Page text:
The last application is profound. I don’t know if you know this, but there is a person in this room that has expressed all of these points of loyalty toward each of us. He loves us unconditionally, “in that while we were yet sinners, Christ died for us.” He has made a verbal commitment (among many) to us, “and the one who comes to Me, I will certainly not cast out.”

You never have to worry about this friend gossiping or slandering us. He can hold a confidence so totally that you can, “Be anxious about nothing, but in everything by prayer and supplication with thanksgiving, let your requests be made known to God” (Phil. 4:6). He sought your best interest and did not please Himself, “for even Christ did not please Himself; but as it is written, ‘The reproaches of those who reproached You fell upon Me’” (Rom. 15:3). He will stick close to you in the midst of opposition, “for He Himself has said, ‘I will never desert you, nor will I ever forsake you’ so that we confidently say, ‘The Lord is my helper, I will not be afraid. What shall man do to me?’” (Heb. 13:5, 6). If the entire world is against you, remember, He will never desert you nor forsake you. This friend defends you, and when Satan accuses you, “We have an Advocate with the Father, Jesus Christ the righteous.”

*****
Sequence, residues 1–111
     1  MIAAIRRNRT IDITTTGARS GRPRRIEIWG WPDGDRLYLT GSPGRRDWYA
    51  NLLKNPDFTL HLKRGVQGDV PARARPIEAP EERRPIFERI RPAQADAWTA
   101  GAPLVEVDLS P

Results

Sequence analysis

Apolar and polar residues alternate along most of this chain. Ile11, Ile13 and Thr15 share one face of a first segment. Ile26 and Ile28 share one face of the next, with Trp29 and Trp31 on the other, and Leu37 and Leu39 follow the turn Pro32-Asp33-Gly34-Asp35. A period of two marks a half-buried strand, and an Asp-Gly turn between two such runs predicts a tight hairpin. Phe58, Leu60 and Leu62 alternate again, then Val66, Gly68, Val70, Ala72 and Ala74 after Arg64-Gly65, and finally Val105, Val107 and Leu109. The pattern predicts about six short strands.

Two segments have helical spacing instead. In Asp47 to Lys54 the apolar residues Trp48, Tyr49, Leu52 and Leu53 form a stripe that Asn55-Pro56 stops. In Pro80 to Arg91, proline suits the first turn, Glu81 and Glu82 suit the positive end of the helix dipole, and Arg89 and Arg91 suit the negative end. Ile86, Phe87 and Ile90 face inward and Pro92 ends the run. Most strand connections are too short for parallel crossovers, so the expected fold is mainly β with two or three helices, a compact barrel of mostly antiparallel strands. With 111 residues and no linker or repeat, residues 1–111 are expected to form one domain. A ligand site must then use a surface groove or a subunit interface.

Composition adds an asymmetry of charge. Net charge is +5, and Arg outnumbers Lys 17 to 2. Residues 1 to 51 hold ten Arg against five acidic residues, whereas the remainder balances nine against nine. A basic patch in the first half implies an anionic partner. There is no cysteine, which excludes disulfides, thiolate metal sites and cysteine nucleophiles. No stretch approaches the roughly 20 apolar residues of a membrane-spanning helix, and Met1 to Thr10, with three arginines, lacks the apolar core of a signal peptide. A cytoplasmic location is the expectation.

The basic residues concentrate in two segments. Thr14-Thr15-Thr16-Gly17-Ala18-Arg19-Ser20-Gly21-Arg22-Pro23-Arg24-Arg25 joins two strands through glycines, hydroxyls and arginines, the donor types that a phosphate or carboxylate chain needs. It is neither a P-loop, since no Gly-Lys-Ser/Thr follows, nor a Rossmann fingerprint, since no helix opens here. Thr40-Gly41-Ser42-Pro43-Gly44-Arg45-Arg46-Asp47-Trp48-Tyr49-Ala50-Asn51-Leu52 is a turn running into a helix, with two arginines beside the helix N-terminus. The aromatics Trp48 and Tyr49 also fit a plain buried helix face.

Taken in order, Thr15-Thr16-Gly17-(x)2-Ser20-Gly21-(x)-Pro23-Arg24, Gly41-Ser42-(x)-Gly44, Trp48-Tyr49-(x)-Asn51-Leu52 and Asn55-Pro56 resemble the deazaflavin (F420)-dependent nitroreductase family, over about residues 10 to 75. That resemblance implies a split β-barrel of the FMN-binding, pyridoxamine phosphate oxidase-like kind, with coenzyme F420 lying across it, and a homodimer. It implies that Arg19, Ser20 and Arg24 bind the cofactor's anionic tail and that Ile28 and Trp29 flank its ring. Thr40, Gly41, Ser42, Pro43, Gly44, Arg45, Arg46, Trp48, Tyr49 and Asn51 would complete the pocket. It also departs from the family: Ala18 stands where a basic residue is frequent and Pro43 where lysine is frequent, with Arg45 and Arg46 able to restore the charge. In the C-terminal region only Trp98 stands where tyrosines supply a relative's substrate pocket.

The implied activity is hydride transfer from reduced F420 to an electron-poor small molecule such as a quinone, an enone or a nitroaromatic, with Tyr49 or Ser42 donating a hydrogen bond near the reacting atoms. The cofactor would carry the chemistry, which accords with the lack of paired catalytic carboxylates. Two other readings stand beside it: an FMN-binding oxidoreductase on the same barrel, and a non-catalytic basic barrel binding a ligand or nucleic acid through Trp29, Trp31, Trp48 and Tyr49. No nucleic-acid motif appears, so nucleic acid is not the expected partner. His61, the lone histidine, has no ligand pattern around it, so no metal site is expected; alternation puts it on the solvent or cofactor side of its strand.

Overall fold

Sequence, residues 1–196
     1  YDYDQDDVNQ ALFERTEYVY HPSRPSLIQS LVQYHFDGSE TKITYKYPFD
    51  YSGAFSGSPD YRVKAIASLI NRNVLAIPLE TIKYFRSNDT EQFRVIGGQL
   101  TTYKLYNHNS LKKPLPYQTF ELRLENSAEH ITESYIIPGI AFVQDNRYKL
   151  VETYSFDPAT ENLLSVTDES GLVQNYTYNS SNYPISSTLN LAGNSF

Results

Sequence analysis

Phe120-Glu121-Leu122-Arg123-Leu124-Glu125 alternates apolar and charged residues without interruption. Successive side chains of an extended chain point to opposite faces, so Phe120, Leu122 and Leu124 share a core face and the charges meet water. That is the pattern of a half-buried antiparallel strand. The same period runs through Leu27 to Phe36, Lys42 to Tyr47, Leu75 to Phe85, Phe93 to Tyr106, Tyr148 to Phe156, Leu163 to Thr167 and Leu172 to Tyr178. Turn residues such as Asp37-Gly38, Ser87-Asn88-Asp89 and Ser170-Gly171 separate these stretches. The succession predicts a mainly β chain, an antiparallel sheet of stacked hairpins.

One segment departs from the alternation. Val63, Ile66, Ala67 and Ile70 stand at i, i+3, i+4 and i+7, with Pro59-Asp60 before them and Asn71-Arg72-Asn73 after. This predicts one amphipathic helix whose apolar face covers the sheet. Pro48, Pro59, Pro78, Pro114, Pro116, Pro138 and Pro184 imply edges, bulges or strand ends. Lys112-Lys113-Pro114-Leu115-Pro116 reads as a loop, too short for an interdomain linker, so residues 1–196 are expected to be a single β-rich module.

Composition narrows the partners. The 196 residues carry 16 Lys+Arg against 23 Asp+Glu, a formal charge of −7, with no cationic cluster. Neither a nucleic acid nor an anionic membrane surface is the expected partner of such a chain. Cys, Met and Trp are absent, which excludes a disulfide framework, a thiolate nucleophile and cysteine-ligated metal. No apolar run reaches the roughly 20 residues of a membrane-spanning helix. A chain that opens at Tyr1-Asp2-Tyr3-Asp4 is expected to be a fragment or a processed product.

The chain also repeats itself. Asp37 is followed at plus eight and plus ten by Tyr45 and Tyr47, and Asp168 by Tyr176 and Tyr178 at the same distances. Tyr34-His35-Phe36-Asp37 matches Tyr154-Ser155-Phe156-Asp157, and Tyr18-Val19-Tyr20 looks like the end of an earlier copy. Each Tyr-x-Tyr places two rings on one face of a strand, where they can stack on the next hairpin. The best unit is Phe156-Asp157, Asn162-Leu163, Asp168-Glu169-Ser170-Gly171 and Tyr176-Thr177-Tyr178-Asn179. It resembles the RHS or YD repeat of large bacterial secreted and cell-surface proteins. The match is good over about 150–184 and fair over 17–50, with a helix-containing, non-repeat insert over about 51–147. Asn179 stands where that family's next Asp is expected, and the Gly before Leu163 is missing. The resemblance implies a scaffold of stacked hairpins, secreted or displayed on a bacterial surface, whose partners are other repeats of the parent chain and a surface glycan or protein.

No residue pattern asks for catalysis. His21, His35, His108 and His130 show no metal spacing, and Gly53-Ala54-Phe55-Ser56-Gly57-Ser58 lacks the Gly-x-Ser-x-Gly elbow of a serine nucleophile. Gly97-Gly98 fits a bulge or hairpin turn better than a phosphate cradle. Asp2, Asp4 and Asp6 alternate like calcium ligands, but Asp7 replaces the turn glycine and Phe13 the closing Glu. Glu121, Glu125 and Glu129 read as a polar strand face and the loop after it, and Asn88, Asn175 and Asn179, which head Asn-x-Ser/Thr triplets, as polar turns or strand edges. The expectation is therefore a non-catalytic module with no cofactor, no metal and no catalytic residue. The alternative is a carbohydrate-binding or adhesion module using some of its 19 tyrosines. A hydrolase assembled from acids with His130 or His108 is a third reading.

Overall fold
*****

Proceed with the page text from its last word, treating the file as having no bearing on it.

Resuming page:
Finally, this friend will never leave you; He said, “Lo, I am with you always, even to the end of the age” (Matt. 28:20).

You all know who I am talking about, the Son of God and our Lord, Jesus Christ. I think that it is interesting to note that if you go back over this entire article on why to be loyal, how we can acquire loyalty, and how we can express our loyalty, you will see that the Lord Jesus Christ fulfills all of these areas. Tell me, how is your loyalty toward God? Put yourself to the test and go back and apply all of these areas to your relationship with God. How do you measure up? Are you loyal to God? After all that He has done for you and to you, are you loyal to God?

May God give you the opportunity to apply these things to a friend in this life, and I hope that you will take the initiative and apply all of these things with God.